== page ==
But she knew that God loved her and wanted her to love others. She also knew her shining face made us think of reflecting God’s love to others, like sunflowers reflect the sun. I’m sure that encouraged her bright spirit.
But she had times of difficulty growing up, as all our children did. We thanked God then, as we do now, that she knew God’s love was not just for sunny times.
Yet she knew God loved her even when she felt miserable. She used to ask me why God didn’t just make her feel better when she was sick and prayed to him. Since she knew he could, why didn’t he?
The only thing I could tell her is that I didn’t know. But I also told her that suffering came into the world as a result of sin. I also knew that sickness and pain make us long for heaven and God’s presence in a way unblemished happiness would probably not.
God kept his promise from Numbers 6:25 to make his face shine upon her and be gracious to her. And later he graced her with the ability to share that loving favor from God with others who had struggled as she had.
Living with faces turned toward God.
As a high schooler, she once asked me to write down all the Bible verses I had shared with her over the years. I was surprised and knew I had no way of knowing what they all were. Then she told me she wanted to make little cards of them to encourage a friend as they had encouraged her.
My mother’s heart was full. God’s word had nestled in her heart and found a place from which to go forth in love.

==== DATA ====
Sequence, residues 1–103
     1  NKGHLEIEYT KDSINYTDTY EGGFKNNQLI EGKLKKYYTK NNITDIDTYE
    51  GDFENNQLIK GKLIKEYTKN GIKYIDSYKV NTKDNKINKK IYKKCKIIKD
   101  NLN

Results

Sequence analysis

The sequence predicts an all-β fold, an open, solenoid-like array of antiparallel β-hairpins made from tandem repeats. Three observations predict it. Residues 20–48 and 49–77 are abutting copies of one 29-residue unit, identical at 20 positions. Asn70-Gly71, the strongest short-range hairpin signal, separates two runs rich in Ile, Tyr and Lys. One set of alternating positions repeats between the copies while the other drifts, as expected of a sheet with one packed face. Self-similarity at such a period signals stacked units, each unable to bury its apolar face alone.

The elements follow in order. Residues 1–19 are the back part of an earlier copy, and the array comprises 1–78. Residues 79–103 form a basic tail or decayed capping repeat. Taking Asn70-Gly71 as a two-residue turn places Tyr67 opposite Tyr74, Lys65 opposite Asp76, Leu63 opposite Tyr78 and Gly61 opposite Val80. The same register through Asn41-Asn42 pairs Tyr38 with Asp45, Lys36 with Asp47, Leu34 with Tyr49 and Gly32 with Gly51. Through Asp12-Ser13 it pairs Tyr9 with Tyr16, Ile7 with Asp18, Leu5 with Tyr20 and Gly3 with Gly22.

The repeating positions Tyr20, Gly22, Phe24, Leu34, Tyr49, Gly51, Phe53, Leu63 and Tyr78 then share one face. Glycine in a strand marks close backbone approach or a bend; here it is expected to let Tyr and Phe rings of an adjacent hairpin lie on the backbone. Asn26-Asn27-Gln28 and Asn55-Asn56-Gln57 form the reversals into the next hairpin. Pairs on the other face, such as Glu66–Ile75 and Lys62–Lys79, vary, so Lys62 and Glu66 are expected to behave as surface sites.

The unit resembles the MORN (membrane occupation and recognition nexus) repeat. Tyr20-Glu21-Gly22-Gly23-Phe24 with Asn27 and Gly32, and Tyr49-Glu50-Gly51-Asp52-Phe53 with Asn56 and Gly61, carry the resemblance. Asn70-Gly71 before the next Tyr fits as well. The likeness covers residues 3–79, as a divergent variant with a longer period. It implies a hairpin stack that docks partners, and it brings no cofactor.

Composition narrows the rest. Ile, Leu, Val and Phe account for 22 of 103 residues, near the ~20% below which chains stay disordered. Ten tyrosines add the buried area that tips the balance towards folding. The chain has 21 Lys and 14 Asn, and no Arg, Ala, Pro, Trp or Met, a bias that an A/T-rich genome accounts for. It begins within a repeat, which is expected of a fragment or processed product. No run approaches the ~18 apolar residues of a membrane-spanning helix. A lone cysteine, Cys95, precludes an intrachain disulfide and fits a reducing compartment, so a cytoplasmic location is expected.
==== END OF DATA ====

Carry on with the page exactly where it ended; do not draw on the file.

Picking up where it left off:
[photo by marco-secchi-585553-unsplash]
“Fartie Artie!” taunted Arthur’s classmates countless times a day after his tragic mistake.
The story was that one day when home alone after school, he had been playing with matches and accidentally caught the curtains on fire. He had burned his home down. And now the bullies taunting him would not stop.
Arthur was two or three years older than I was, so I had been unaware of his existence before this event. But now I continued to notice taunting classmates evacuating whatever table he sat down at for lunch.
My second-grade self felt horrible for Arthur in his shunning. I worried to my mom about it. I was afraid Arthur would never feel he belonged again.
She asked me a question I had never thought about: “What do you think Jesus would do if he were a student at your school?”
I grudgingly said, “He would probably go sit with him.”
But Jesus would have been a boy and would have probably known Arthur.
“But I don’t even know him.”
Mom agreed and was quiet.
Then a bit later, “Do you think it would be okay with Jesus if I took my little sister with me?”
Mom assured me that she thought Jesus would approve. Fortunately, my first-grade sister was good-natured and very willing to accompany me on this mission.
The next day when we sat down across from Arthur and said, “Hi,” he ignored us except to move as far away from us as possible. This was NOT part of our plan.
My mom assured me that it did not mean our joining him was the wrong thing to do. She encouraged us to give him time. So we did.
I’m not actually sure that Arthur ever spoke to us. After all, girls our age definitely had cooties. Everyone knew that.
But after several days of our odd lunches, a couple of my friends joined me and my sister. Later a couple of his friends joined him.
After a few days of our segregated groups eating at the same table, I decided our task was finished. I never noticed bullies taunting or isolating him again.
Maybe that would have happened naturally in the same number of days—just because kids would have gotten sick of teasing him. We will never know.
I certainly never had a chance to tell Arthur or anyone else that the reason we were joining him is that we were trying to be like Jesus. They will never know.
But my mom’s question for me and her quiet encouragement of me and my sister in our mission taught us a lot about the character of Jesus.